Start-up company Crover has introduced the world-first agricultural technology, designed to reduce waste and save millions of tonnes of grain stock each year
The company has developed a robot that can ‘swim’ through cereals and grains to monitor their condition while they are still in storage. This is a first-of-its-kind robotic grain monitoring solution and enables a greater understanding of the condition of stored grains.
The company is developing its technology as part of the European Space Agency Business Incubation Centre United Kingdom (ESA BIC UK – part of ESA Space Solutions), the world’s largest business incubation programme for space tech start-ups who are using space technology to develop game-changing new products and services.
Managed by the Science and Technology Facilities Council (STFC), part of UK Research and Innovation, in collaboration with ESA, and partly funded by STFC, the University of Leicester and the UK Space Agency, the ESA BIC UK programme helps businesses boost their competitiveness in an increasingly fierce and global marketplace.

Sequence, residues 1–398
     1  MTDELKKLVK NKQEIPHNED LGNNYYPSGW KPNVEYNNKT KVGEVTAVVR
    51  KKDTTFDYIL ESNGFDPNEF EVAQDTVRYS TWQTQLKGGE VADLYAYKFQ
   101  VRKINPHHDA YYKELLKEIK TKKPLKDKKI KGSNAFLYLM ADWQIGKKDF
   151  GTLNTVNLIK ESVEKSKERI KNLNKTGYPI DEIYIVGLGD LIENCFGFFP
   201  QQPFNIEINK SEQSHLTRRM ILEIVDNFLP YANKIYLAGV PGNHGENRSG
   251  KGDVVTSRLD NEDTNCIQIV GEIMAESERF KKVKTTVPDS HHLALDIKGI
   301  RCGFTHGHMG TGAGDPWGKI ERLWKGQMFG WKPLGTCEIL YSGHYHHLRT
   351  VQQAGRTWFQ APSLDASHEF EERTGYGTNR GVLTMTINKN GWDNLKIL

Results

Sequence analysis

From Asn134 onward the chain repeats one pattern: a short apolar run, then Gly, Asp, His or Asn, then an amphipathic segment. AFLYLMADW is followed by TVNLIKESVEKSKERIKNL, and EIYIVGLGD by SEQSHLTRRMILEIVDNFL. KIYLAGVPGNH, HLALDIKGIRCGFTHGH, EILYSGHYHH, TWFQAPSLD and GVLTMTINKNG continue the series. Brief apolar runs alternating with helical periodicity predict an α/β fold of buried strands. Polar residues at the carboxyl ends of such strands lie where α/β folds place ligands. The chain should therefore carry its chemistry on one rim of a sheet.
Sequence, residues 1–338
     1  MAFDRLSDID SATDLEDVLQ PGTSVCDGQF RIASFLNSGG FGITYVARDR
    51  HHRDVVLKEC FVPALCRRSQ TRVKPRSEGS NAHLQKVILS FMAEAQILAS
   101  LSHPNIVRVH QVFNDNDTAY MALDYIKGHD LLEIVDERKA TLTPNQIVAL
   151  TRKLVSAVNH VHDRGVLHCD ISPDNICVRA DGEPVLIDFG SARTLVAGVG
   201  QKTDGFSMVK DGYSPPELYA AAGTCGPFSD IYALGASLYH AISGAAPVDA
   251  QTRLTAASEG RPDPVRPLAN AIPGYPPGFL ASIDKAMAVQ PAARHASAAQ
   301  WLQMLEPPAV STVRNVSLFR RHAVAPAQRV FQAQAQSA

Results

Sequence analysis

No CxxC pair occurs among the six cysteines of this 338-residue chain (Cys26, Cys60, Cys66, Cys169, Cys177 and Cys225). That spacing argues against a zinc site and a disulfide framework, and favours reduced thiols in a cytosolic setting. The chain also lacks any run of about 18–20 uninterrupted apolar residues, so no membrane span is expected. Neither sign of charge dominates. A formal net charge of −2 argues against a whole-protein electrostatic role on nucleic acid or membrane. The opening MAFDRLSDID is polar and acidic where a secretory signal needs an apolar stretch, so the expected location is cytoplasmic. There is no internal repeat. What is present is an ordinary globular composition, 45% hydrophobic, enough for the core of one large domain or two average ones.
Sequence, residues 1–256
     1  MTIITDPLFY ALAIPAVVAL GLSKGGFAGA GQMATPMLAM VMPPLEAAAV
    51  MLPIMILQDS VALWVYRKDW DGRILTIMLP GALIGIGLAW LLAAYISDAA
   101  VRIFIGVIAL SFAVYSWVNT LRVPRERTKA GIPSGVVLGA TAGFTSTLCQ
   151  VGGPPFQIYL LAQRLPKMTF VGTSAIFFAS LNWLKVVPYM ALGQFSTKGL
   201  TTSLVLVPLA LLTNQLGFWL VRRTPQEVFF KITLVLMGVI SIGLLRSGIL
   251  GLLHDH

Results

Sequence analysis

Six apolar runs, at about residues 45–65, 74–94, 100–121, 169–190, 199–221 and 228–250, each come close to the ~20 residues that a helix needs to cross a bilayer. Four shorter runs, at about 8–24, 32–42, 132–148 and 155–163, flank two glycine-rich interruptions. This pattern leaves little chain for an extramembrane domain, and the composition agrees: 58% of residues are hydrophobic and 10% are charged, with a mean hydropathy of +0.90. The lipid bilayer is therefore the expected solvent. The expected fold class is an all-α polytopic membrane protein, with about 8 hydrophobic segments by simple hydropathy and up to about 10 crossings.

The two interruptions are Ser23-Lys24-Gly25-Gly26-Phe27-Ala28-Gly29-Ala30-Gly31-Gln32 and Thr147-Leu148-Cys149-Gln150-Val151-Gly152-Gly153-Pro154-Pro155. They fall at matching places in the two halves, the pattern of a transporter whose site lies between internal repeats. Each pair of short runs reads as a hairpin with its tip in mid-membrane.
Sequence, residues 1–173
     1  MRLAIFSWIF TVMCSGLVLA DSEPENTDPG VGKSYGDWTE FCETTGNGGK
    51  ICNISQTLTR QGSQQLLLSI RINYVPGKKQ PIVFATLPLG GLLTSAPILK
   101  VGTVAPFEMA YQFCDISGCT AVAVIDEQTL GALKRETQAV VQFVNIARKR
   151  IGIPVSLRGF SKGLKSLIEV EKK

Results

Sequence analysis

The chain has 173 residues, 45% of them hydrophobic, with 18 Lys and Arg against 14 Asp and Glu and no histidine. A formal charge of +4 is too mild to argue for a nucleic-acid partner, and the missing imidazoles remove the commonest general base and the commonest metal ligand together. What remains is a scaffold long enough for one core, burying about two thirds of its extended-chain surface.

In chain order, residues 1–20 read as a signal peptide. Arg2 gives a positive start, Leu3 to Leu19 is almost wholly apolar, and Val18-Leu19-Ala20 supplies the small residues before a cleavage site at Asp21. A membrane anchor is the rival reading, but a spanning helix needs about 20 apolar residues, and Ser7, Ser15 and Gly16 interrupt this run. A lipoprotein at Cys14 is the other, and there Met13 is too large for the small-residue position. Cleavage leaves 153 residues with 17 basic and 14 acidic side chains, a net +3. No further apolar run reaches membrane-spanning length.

Based at STFC’s Higgs Centre for Innovation at the Royal Observatory in Edinburgh, Crover has been developing the robot that can take accurate temperature and moisture measurements as it travels through the grain. This data is then transmitted, via satellite communication, to the grain store manager. Through the ESA BIC UK programme, Crover has also gained access to the advanced 3D printing expertise and capabilities, enabling them to identify and develop the bespoke components required for their design.
The company said that this technology was also put to the test at the TechCrunch Start-up Battlefield 2020.
Dr Lorenzo Conti, the founder of Crover, said, “The opportunity to work alongside astronomers, engineers, as well as 3D printing and prototyping experts has been invaluable to our business and our mission to invent something that could help change the world for the better.”